This section provides for maintenance not only to the wife but also to child and parents. Court may order a husband who has sufficient means but neglects or refuses to maintain his wife who is unable to maintain herself to provide monthly maintenance to her.

An application for maintenance under Section 125 Cr.P.C. can be filed before a Judicial Magistrate of First Class in the district where the husband or the wife resides or where they used to reside.

The magistrate can, during the pendency of the proceeding under S.125 pass an order for interim maintenance to be paid monthly to the person unable to sustain themselves. The magistrate may also pass an order regarding the interim expenses of proceeding.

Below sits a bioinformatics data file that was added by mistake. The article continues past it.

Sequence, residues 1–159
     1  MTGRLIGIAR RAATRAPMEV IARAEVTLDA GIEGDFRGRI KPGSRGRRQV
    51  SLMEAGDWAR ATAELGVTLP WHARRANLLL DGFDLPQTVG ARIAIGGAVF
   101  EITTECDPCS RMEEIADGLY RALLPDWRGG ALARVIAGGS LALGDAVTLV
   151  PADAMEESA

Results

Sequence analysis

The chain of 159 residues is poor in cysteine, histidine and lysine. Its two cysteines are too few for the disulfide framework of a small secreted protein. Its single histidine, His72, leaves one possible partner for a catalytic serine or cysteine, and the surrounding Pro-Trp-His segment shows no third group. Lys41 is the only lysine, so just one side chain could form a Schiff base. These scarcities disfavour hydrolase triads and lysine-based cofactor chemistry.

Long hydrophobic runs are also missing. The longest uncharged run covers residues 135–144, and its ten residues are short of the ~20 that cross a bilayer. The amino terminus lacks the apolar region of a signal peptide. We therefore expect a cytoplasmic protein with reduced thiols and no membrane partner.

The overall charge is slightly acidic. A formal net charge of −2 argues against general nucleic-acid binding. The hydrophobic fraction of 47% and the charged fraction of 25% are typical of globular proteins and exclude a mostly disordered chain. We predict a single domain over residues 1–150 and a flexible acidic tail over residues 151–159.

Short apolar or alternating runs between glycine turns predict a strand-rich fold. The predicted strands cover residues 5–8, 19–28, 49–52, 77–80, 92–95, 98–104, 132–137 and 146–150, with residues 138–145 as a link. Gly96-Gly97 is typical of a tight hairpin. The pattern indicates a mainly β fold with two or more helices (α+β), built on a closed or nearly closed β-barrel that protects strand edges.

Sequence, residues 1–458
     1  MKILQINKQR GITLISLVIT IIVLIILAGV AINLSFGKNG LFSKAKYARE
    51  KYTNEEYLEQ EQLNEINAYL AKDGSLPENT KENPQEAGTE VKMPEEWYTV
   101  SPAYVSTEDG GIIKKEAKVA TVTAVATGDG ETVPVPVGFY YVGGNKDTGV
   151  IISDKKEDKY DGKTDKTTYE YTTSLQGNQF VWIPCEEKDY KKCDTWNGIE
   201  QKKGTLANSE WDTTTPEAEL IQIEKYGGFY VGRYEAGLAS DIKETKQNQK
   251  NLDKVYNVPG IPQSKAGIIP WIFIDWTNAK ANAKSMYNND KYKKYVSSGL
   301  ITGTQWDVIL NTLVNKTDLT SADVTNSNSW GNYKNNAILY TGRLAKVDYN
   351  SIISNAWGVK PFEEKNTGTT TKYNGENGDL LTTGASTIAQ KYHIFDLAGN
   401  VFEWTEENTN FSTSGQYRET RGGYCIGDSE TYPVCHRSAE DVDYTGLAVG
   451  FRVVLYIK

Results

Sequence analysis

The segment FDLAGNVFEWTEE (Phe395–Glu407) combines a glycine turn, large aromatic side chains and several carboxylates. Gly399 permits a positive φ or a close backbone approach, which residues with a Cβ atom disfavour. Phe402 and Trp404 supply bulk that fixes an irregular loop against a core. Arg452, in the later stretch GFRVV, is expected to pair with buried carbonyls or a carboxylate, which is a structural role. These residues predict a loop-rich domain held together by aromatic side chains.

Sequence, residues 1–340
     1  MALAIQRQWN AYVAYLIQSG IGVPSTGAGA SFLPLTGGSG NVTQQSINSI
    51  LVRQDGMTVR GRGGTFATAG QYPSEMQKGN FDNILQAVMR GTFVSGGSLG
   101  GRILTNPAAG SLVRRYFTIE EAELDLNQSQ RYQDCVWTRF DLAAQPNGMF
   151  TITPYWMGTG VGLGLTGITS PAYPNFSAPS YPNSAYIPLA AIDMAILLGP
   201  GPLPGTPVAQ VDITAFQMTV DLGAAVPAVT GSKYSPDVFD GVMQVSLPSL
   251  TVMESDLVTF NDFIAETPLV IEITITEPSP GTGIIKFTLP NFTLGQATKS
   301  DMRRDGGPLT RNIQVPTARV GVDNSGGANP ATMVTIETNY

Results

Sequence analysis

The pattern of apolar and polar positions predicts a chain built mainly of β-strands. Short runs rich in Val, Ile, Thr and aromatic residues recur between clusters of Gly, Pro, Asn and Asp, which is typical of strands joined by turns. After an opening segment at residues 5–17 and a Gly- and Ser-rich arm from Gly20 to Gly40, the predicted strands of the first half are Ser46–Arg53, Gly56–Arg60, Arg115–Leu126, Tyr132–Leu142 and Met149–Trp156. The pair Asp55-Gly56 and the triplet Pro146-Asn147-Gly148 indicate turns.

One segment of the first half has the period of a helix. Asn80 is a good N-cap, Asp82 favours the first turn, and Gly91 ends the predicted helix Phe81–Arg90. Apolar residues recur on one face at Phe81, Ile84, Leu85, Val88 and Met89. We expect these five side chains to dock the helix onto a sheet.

Where an application for interim maintenance is made before the magistrate it shall be as far as possible be disposed of within sixty days from date of service of notice of the application.

Wife shall not be entitled to receive maintenance if she is living in adultery, or refuses to live with husband without any sufficient reasons, or living separately with mutual consent.

Maintenance under Domestic Violence Act

The Protection of Women from Domestic Violence Act is a civil law which was enacted to protect the women from being the victims of domestic violence and to prevent the occurrence of domestic violence in the society. It being a civil law contains the provision of providing maintenance to woman aggrieved of domestic violence. It is not the maintenance per se that is granted by the court under the DV Act, it is the monetary relief which is granted to the aggrieved and such monetary relief may or may not include provision of  maintenance.